Limiting the time your horse spends in the field isn’t always the best way to help him lose weight, because sometimes horses with limited grazing time eat at a faster rate and, therefore, consume more than they would if they stayed out for the full day. A better option can be to reduce the area of grass your horse has access to, rather than the time he’s turned out.
If you have the facilities, a track system is a great way to reduce grazing and get your horse moving around more. These can range from a single track round the outside of the field – the centre can be a good place for other horses who may need a little more grazing – or a more complicated maze if you’re feeling creative. Place the water trough at one end of the track and the
gateway at the other, and if additional low-calorie forage is needed, you can leave piles of it at different points around the track so your horse has to keep moving in order to find his food and drink.
Strip-grazing can be effective at limiting the amount of grass available, although don’t be tempted to move the fencing very much each day – keep an eye on the number of droppings to help you regulate this. Alternatives include letting another horse graze the paddock first, so your dieter isn’t going straight onto lush grass, and grazing more horses on one paddock or other grazing animals such as sheep, but if you do this be aware that it takes careful management. Turning your good-doer out with a more active companion is an easy way to get him moving around and burning some energy.
At livery, you might not always be free to modify the fields, so a grazing muzzle can be helpful in reducing your horse’s grass intake. Choose one that reduces grazing, rather than stops it, but remember these don’t work on very short grass and they shouldn’t be worn for more than 12 hours a day. Once the muzzle is removed, some horses will gorge themselves to compensate for the time wearing it, so it may be necessary put him in his stable or on a bare paddock the rest of the time. If you need to use a grazing muzzle, you can find helpful guidance from the National Equine Welfare Council at bit.ly/grazingmuzzle
Another option is to provide turnout without grass, such as an all-weather arena, or a bark or sand paddock so your horse can go out without taking on additional calories. However, it’s important to supplement his intake with low-calorie forage if you’re using any of these options.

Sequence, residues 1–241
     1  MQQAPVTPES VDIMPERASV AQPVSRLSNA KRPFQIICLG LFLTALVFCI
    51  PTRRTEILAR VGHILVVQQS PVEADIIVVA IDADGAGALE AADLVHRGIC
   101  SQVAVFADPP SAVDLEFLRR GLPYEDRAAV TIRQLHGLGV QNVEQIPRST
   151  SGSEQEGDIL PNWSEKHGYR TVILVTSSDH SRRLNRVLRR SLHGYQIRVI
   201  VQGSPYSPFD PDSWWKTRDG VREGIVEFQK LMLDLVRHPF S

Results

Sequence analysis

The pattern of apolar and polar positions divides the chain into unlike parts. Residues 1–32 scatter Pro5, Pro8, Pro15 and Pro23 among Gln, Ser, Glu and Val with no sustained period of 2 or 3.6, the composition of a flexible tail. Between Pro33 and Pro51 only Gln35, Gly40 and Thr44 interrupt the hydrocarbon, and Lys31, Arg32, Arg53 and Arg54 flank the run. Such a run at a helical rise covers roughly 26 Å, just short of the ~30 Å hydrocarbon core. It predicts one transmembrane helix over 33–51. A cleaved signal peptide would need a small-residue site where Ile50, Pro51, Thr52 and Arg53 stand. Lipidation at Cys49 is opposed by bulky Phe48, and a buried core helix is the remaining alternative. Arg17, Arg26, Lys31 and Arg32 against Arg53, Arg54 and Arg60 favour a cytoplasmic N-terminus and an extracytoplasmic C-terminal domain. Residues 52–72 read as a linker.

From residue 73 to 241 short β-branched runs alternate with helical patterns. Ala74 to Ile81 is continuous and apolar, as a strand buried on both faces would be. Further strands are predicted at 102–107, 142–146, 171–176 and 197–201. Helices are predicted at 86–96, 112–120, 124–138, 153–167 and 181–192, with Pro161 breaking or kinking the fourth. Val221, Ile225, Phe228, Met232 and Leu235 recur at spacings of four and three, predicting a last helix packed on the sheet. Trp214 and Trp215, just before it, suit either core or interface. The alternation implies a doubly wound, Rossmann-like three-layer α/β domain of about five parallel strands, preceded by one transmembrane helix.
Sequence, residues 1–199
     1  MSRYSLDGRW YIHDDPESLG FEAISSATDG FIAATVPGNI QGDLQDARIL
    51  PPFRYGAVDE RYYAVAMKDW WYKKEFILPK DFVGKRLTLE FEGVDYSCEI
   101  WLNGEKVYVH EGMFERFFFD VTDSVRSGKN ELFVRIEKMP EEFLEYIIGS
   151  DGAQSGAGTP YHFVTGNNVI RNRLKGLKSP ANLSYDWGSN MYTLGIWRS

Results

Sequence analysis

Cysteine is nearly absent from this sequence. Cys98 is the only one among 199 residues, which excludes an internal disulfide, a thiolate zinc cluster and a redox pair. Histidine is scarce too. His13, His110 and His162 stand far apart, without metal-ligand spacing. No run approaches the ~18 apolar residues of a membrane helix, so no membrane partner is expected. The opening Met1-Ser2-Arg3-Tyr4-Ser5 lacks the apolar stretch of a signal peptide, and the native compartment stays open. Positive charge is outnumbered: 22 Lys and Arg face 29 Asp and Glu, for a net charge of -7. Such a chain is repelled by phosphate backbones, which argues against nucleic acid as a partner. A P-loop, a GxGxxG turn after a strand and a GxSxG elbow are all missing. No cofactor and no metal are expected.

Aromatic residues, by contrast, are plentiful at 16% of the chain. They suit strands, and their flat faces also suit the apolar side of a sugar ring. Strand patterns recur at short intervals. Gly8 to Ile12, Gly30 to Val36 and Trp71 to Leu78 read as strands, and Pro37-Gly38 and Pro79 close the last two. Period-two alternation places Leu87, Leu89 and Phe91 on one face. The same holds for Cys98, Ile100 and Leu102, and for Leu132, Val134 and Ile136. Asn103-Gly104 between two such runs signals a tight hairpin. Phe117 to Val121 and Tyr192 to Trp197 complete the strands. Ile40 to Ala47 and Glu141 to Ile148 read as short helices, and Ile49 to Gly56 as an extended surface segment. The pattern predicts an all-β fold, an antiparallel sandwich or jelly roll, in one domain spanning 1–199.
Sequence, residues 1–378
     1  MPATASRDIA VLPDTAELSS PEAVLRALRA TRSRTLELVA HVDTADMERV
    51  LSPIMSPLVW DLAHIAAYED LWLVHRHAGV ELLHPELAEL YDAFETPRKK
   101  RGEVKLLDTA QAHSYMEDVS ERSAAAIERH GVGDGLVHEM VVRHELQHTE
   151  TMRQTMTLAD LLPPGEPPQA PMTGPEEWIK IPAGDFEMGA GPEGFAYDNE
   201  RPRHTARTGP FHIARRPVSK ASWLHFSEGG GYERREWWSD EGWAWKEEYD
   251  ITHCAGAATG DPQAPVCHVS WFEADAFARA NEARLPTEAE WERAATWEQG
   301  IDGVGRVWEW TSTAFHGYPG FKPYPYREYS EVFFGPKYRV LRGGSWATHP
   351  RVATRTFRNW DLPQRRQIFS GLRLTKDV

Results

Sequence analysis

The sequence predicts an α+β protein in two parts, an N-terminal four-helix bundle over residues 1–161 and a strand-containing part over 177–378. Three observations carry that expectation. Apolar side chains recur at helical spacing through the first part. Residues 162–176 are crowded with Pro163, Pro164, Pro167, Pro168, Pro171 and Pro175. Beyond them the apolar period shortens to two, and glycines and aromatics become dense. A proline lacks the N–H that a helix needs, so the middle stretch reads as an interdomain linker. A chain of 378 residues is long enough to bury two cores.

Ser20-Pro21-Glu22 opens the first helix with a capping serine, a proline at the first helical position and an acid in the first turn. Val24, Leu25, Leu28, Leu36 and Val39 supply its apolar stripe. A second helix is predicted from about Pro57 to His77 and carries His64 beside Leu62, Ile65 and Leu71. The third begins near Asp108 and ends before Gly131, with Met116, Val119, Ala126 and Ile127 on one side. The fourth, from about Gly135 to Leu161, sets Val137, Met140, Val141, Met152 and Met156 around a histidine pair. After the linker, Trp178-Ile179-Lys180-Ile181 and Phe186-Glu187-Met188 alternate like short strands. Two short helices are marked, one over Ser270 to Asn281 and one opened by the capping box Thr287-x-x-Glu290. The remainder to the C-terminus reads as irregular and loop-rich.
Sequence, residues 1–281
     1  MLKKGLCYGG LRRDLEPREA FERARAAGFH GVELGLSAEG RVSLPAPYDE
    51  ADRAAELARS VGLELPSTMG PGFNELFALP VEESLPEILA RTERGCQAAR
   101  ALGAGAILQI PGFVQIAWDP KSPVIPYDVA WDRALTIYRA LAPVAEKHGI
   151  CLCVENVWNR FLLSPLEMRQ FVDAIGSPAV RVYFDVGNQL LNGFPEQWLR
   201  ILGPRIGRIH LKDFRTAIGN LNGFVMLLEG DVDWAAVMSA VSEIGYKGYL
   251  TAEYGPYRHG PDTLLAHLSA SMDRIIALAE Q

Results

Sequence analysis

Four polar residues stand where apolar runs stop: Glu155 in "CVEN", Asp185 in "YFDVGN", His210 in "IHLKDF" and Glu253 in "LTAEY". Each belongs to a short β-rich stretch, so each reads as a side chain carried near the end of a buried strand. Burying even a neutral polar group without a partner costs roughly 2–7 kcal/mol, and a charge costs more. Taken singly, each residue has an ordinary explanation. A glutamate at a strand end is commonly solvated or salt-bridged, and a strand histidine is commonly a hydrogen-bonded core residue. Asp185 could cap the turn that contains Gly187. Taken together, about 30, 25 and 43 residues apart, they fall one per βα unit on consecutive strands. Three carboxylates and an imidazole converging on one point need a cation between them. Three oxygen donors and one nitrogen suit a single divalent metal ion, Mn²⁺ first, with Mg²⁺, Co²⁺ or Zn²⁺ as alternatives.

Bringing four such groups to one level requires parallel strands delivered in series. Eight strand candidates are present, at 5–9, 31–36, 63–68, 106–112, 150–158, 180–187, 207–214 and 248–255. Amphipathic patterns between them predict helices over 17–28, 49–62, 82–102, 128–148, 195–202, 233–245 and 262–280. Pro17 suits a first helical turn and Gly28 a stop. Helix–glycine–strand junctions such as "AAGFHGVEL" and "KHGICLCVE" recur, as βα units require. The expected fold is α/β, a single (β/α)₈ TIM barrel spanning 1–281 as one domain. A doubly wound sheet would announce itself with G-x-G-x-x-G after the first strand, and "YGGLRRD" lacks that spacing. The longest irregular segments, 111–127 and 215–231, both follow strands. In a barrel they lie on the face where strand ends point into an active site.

Most horses are naturally very well-equipped to cope with British weather conditions without needing extra protection from rugs. When you provide artificial protection in this way, your horse will expend much less energy, if any, on keeping himself warm. Consider whether your horse really needs to be wearing a rug – it might help his weight loss to go without.
Exercise is undoubtedly one of the most important factors in a weight-loss programme. Activities that result in a prolonged increase in heart rate will be most effective, but any exercise is better than none. There is no preordained amount you should be doing, it depends on individual circumstances, such as the amount of weight your horse needs to lose, his fitness and physical condition, and the amount of time you have.
Don’t be put off if your horse can’t be ridden, because in-hand power walking or using a horse walker can be a great way to introduce more exercise into his routine and build up the level of exercise he receives and, in turn, his fitness. Horse agility can also be a fun way to exercise your horse from the ground – not only will it help develop your bond, but it can also play a part in desensitising.
Your horse’s exercise plan will need to be increased incrementally over time as his fitness improves to ensure that it still increases his heart rate enough to burn calories. It’s important to use the same principles as you would with a human exercise plan – a very overweight horse needs to have exercise built up steadily because introducing too much exercise too soon can result
Top tip – There’s plenty of advice and support available to help you, visit worldhorsewelfare.org/right-weight for more information or call the advice line on 01953 497238.
Do it your way
Every small change will make a difference, so find management options that work for you and your horse and that you’ll be able to stick to. It’s important to be consistent and monitor your results. One programme may be effective for a few weeks, but if his weight loss has plateaued, consider other changes you can make to ensure you keep seeing the results your horse needs. Equine weight management is no easy task, but it’s vital to safeguard your horse’s health and quality of life.